By Tommy H. Thomason
Thursday, May 21, 2015
American Military Training Aircraft
This latest book from E.R. Johnson, published by McFarland, is a comprehensive encyclopedia for aviation enthusiasts of U.S. military trainers, including gliders and helicopters. While perusing its 480 pages, you’re pretty much assured of coming across more than one aircraft of which you were previously unaware. In the event that you hear or read about a trainer with which you are unfamiliar, you’re almost certain to find a summary description of its career—however short or even non-existent—along with a data table, at least one photograph, and a multi-view drawing (by Lloyd S. Jones) of the type in this book
As a handy reference, it is a suitable companion to Johnson’s American Military Transport Aircraft Since 1925, reviewed by me here: http://thanlont.blogspot.com/2013/04/american-military-transport-aircraft.html, and United States Naval Aviation 1919-1941, http://thanlont.blogspot.com/2011/06/united-states-naval-aviation-1919-1941.html
Like Military Transport Aircraft and United States Naval Aviation, it is soft cover and there are no color pictures. It does include an appendix describing the U.S. military trainer designation systems, which changed over time. There is also a very useful glossary and a comprehensive index, which will be invaluable in a search for a particular type covered by the book.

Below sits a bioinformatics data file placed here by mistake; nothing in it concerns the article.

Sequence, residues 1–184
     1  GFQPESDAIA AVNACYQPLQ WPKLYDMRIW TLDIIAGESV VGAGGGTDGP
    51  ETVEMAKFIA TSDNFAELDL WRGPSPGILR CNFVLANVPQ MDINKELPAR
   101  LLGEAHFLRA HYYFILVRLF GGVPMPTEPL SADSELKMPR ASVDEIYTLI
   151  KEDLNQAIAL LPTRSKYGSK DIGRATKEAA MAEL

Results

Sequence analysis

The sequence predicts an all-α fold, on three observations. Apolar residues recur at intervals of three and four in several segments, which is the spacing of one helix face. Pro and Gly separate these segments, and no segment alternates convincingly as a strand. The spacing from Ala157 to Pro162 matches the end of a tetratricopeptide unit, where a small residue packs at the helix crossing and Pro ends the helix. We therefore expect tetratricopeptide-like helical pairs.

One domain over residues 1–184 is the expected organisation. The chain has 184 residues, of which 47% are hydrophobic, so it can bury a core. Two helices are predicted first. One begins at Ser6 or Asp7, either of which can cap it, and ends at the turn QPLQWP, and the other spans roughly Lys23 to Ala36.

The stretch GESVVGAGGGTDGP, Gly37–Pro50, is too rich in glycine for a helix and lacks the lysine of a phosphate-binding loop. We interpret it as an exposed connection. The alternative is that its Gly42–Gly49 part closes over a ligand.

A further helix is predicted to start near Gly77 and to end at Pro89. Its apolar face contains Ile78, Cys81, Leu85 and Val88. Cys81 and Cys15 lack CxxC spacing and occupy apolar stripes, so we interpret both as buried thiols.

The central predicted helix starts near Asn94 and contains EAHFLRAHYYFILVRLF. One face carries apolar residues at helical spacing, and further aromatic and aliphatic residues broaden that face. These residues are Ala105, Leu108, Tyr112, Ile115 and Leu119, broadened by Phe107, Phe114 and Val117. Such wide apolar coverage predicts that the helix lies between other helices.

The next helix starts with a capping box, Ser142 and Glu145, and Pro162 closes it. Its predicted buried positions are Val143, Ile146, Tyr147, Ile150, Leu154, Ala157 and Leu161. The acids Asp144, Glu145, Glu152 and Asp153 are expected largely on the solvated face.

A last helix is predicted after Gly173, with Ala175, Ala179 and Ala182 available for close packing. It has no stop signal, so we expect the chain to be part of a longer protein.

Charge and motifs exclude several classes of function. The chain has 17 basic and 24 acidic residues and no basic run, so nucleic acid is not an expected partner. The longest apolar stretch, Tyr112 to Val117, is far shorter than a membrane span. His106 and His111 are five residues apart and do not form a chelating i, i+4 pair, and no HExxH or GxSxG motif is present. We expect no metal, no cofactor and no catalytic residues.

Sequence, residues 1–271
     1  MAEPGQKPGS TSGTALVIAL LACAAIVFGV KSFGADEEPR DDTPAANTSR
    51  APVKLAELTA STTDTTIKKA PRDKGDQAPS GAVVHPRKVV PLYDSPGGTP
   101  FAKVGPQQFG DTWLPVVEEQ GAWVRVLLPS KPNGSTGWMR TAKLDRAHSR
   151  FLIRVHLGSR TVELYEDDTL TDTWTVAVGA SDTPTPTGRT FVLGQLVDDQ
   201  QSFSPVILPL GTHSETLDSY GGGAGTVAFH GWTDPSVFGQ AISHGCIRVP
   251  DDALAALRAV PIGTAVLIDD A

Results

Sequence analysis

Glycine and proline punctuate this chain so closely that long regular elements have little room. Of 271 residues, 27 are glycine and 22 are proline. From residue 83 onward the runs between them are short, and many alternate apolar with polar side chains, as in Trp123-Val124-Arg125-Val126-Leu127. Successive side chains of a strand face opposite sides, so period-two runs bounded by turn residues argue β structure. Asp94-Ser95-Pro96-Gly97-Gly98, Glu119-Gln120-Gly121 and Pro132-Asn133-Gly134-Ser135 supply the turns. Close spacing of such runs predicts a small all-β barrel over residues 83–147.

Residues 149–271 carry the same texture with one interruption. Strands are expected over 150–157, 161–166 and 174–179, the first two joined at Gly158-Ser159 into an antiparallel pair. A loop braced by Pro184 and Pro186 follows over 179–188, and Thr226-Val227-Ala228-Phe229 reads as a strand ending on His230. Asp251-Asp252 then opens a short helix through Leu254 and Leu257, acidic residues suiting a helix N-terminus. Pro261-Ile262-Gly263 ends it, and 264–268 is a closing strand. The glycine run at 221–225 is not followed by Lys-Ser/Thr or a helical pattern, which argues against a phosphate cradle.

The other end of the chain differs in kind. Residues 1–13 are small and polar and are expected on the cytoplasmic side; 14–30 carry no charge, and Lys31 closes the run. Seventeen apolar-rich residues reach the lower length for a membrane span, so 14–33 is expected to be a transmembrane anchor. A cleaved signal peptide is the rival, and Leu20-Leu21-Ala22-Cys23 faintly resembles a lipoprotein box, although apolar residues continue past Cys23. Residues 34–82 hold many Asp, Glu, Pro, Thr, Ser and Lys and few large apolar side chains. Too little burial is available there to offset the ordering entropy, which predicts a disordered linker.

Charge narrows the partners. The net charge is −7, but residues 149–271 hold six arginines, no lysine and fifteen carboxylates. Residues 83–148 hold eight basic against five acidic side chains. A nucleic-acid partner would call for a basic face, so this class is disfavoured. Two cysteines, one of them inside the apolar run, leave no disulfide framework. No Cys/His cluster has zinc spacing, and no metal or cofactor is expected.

Try as we authors might, it’s virtually impossible to have a book published without error or typo, particularly one of this extraordinary breadth. For example, I only recently realized that the T (for trainer) designation of the Grumman TF (C-1A) Trader was based on its original justification in large part as a trainer rather than being “anomalous” as Johnson reports. See http://thanlont.blogspot.com/2012/06/designation-story-redux.html. Jones’ drawing labeled as the T-37A has tip tanks that were only present on the T-37C (procured by foreign governments but not the USAF) and the A-37A and B Dragonflies, which were not trainers, per se. Hopefully these slips are few and far between. I believe that they do not detract from the overall usefulness of the book. (I was particularly pleased to note that Johnson avoided a common error by not ascribing dual controls to the Douglas A3D-2T (TA-3B).)